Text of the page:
Like the many Americans who have stuck close to home during the pandemic, President Joe Biden limited his time traveling around the United States this year, breaking with his recent predecessors who all hit the road more frequently during their first years in office.
All told, according to an NPR analysis of the president’s official travel, Biden spent 42 days holding events beyond the borders of Washington D.C., Maryland and Virginia, and the most common destination was the place where he was born — Pennsylvania. Biden visited the state seven times since he took the oath of office. No other recent president, dating back to Jimmy Carter, has traveled there as often in his first year, according to data compiled by U.S. Naval Academy political science professor Brendan Doherty.
“Presidents travel for a wide range of reasons,” said Doherty, who has tracked presidential travel for a book he’s written. “They are sometimes trying to advance their own reelection interests, traveling to key swing states. Sometimes, they’re raising campaign funds — although Biden has been doing that virtually.”
Biden’s travel appears to be a mix of electoral calculations ahead of the 2022 midterm elections, traditional presidential duties to comfort Americans after natural disasters, and a personal desire to elevate priorities that are more difficult to alter legislatively, such as racial justice.
And, so, for example, the Democratic president visited Oklahoma, a solidly Republican state, in June to mark the 100th anniversary of the Tulsa race massacre.
Doherty says presidents often take trips to promote a policy agenda and build support for specific pieces of legislation in Congress, as well.
Biden has visited a vaccine manufacturing site, automobile plants, union training centers, and even a rusted old bridge to sell, first, his COVID relief bill, then his infrastructure plan, and, more recently, his so-called Build Back Better Agenda.
Pennsylvania checked a lot of boxes for him. So did Michigan.
After Pennsylvania, not accounting for Maryland and Virginia which are home to a number of federal agencies that presidents of both parties often visit, Michigan was the next most-frequently visited state for Biden. He made trips there five times in 2021.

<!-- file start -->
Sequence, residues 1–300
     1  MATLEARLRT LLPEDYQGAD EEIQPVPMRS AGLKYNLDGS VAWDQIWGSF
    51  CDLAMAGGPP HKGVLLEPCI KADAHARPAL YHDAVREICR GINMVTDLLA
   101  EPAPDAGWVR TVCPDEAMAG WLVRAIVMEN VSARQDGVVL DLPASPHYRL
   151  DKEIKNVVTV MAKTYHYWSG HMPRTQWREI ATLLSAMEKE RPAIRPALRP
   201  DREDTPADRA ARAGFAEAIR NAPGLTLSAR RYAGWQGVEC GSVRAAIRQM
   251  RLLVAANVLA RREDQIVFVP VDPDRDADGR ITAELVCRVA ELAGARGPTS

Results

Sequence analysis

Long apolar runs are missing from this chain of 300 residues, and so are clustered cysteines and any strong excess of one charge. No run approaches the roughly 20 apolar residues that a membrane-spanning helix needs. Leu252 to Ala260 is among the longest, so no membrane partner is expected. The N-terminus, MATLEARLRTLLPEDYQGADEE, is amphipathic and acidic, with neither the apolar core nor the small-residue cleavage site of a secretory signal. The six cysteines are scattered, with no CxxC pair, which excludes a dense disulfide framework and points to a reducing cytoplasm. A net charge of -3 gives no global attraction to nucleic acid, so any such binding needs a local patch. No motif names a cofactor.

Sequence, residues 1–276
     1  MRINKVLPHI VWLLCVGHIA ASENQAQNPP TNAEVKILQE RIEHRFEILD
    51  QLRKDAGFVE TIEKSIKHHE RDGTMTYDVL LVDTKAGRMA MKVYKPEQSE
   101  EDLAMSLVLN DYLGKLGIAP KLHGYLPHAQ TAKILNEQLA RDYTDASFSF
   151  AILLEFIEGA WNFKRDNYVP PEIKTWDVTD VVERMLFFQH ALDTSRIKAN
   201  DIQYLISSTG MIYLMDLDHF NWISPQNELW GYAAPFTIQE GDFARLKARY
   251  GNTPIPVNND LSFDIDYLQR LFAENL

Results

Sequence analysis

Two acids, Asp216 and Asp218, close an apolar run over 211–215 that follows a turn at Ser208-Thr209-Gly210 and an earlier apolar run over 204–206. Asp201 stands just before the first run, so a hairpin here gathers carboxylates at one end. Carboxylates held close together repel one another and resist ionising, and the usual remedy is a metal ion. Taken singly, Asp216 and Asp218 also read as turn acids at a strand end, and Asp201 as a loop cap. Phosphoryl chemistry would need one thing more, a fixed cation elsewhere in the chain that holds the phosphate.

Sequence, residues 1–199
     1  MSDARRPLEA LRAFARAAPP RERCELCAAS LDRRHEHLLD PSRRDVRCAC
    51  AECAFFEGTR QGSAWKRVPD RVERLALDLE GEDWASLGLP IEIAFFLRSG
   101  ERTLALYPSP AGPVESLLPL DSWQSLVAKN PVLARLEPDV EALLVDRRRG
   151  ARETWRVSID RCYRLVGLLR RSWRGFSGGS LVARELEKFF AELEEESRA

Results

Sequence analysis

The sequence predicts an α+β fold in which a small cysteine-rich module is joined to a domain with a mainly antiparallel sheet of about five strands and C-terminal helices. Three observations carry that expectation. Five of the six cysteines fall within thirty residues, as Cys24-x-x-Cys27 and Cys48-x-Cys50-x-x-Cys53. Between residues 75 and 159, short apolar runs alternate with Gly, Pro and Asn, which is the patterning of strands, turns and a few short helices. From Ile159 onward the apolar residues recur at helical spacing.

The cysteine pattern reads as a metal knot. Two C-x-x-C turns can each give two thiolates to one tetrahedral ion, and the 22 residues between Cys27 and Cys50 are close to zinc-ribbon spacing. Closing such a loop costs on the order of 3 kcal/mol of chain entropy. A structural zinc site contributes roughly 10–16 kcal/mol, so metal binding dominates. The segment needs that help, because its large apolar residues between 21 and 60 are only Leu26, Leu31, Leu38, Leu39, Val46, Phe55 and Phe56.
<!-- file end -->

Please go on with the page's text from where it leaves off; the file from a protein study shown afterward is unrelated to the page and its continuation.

Visiting election battlegrounds
Like Pennsylvania, Michigan is increasingly a battleground in presidential elections, and part of the Democrats’ so-called “blue wall.” Both were key to Biden’s victory, and both are expected to have competitive senator and/or gubernatorial elections next year.
Both Republican and Democratic presidents tend to visit battleground states more than other places.
But Biden has focused on the traditional Democratic map across the Midwest and northeast, rather than the demographically-shifting south. He’s been to Ohio three times, although he lost the state, and by most political analysts’ assessment Ohio is increasingly Republican turf in presidential elections. He’s only been to Florida once, after the collapse of the Surfside condo building. And he’s never gone to Arizona – a state he narrowly won.
The White House points to proximity as a factor. Biden has only been west of the Rocky Mountains once. Former presidents Barack Obama, George W. Bush, and Bill Clinton had all held multiple days of events in California by this point in their presidency.
Bush: a master of travel as strategy
Presidents and their staffs tend to be believe they can influence public debate with a presidential visit; it’s part of the communications strategy.
Doherty says former President George W. Bush’s team was particularly disciplined with its travel and message focus.
“[Bush] would often declare a week to be say – education week. And then would travel around the country have three or four events in different cities where all he talked about was education,” said Doherty.
This was intentional, according to Ari Fleischer, the White House press secretary at the time.
“The first 6 months was very aggressive in going to Democratic senator states and having gigantic tax rallies to encourage them to vote for the Bush tax cuts of 2001,” he said, pointing out that a number of the trips targeted states Bush had won that continued to have Democratic senators. “And he would call on Senator Breaux from Louisiana to join me and the crowd would roar, sending a signal that, you’re the senator, you’re the Democrat, but your people are for me.”
For the Bush White House, a presidential visit in a strategic state was a tool the president and his team leveraged on Capitol Hill to pass legislation. But that was a different era, and while travel remains useful, Fleischer himself wonders if it is as effective nowadays as it was 20 years ago when he worked in the White House.
“Travel used to be one of the president’s strongest tools, back when there were fewer media, pre-internet, and then all of a sudden a president comes to town and it is massive news for days,” he said.
Some Presidents could find it more useful to stay in Washington and work the phones. Ultimately, Fleischer says legislative wins increase a president’s popularity more than a random trip to generate positive local news coverage.
In November, Biden signed the $1 trillion bipartisan infrastructure bill into law, but his other signature initiative – the Build Back Better bill to expand the social safety net and battle climate change – is on life support after West Virginia Senator Joe Manchin, a key vote, said he could not support it.
A White House official says Biden is expected to hit the road more often in 2022, ahead of the midterms.
Though that could become politically tricky — it’s not necessarily helpful for politicians to campaign in places where they’re unpopular.
And – at the moment – the president’s approval rating is underwater, and he appears unpopular even in states that he won.